As defined in Section 380.06, Florida Statutes, a development of regional impact (“DRI”) is “any development which, because of its character, magnitude, or location, would have a substantial effect upon the health, safety, or welfare of citizens of more than one county.”
A Brief History of DRIs in Florida
Since the DRI program’s inception in 1972, it has been chipped away by the enactment of numerous legislative exemptions. In 2009, the Legislature enacted an exemption for Dense Urban Land Areas (“DULAs”), which exempted projects from DRI review in eight counties and 243 cities. In 2015, the Florida Legislature attempted to reduce duplicative and burdensome regulation by eliminating the requirement that new developments be reviewed pursuant to the DRI process by only subjecting such proposed developments to the requirements of the State Coordinated Review Process.
The State Coordinated Review Process was created in 2011 by the Florida Legislature as a method for approving comprehensive plan amendments. Unlike the Expedited State Review Process which most plan amendments fell under, the State Coordinated Review Process requires a longer review period and requires that all agency comments be coordinated by the Department of Economic Opportunities (“DEO”), rather than being communicated directly to the permitting local government by each individual reviewing agency.
The Proposed DRI Legislation
On September 28, 2015, the Committee on Community Affairs submitted and approved Senate Proposed Bill (SPB) 7000 by a 7-0 vote. The proposed bill has been titled “An act relating to developments of regional impact” (the Act) and its effective date is set to be on July 1, 2016. The text of SPB 7000 reads:
a proposed development…shall be approved by a local government pursuant to Section 163.3184(4) in lieu of proceeding in accordance with [380.06]. However, if the proposed development is consistent with the comprehensive plan as provided in Section 164.3194(3)(b), the development is not required to undergo review pursuant to Section 163.3184(4) or this section.”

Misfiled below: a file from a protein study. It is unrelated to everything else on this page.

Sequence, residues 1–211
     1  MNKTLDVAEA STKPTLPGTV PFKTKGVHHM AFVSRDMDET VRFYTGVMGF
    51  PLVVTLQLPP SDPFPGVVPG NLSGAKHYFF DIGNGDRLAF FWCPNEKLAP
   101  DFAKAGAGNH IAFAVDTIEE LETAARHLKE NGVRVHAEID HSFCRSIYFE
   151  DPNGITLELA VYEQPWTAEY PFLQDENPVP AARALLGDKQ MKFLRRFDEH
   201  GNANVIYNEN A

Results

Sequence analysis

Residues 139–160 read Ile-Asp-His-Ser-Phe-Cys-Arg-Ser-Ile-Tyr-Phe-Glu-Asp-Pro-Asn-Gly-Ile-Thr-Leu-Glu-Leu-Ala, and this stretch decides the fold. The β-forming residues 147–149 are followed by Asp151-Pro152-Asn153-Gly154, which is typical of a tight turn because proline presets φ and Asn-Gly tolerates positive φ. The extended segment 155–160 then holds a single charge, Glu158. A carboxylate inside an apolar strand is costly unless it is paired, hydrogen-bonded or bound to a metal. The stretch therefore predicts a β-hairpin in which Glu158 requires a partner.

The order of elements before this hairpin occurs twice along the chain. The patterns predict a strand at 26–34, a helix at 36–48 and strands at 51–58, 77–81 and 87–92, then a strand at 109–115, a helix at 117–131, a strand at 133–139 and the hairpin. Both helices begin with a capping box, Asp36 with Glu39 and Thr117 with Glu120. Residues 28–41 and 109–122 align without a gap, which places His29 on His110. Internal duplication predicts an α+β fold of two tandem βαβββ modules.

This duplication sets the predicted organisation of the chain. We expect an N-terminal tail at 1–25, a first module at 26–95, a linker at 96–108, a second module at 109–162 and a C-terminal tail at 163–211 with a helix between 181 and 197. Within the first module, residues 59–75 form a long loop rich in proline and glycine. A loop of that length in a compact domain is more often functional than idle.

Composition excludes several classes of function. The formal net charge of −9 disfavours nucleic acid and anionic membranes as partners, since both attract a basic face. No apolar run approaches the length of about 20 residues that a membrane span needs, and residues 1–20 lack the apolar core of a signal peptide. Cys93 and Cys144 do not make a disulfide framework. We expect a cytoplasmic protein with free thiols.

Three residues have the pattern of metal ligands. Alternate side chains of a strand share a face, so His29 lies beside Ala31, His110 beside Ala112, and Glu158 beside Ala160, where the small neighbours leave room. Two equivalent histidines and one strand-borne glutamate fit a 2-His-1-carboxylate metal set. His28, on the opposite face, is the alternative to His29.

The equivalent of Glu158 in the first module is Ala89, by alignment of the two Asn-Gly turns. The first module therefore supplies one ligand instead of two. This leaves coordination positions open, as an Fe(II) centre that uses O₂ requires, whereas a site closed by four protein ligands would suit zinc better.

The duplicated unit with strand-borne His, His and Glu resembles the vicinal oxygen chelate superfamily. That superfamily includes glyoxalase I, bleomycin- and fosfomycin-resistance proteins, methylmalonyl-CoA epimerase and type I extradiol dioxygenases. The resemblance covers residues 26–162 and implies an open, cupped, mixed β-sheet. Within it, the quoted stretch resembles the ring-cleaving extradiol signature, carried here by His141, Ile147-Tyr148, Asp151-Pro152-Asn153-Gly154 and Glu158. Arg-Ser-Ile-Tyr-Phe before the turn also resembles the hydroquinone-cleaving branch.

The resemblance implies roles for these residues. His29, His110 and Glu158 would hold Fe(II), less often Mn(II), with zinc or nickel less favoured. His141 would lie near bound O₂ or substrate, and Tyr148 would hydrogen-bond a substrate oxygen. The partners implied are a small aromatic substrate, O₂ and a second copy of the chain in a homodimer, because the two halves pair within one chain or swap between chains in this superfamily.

According to the bill’s summary, a proposed development that is consistent with certain comprehensive plans is not required to undergo review pursuant to the state coordinated review process. However, plan amendments for areas of critical state concern will remain unaffected under the legislation and will continue to be processed under the coordinated state review system.
Since SPB 7000 is still in its early stages, the future of the DRI process remains speculative. However, if the past is any indication of the future, it is safe to assume that political winds in Tallahassee will blow in favor the demise of the DRI program. In the meantime, many local governments will remain uncertain of how to evaluate proposed projects that qualify as DRIs given the State Coordinated Review Process was all that was left for DEO’s review and consistency with their comprehensive plans has long been required under the Growth Management Act of 1985.
If you have any questions or inquiries regarding compliance with the current DRI legislation or the status of SPB 7000, please do not hesitate to contact Henderson Franklin’s Land Use Department at 239-344-1100.
Photo courtesy of Kelly Michals on Flickr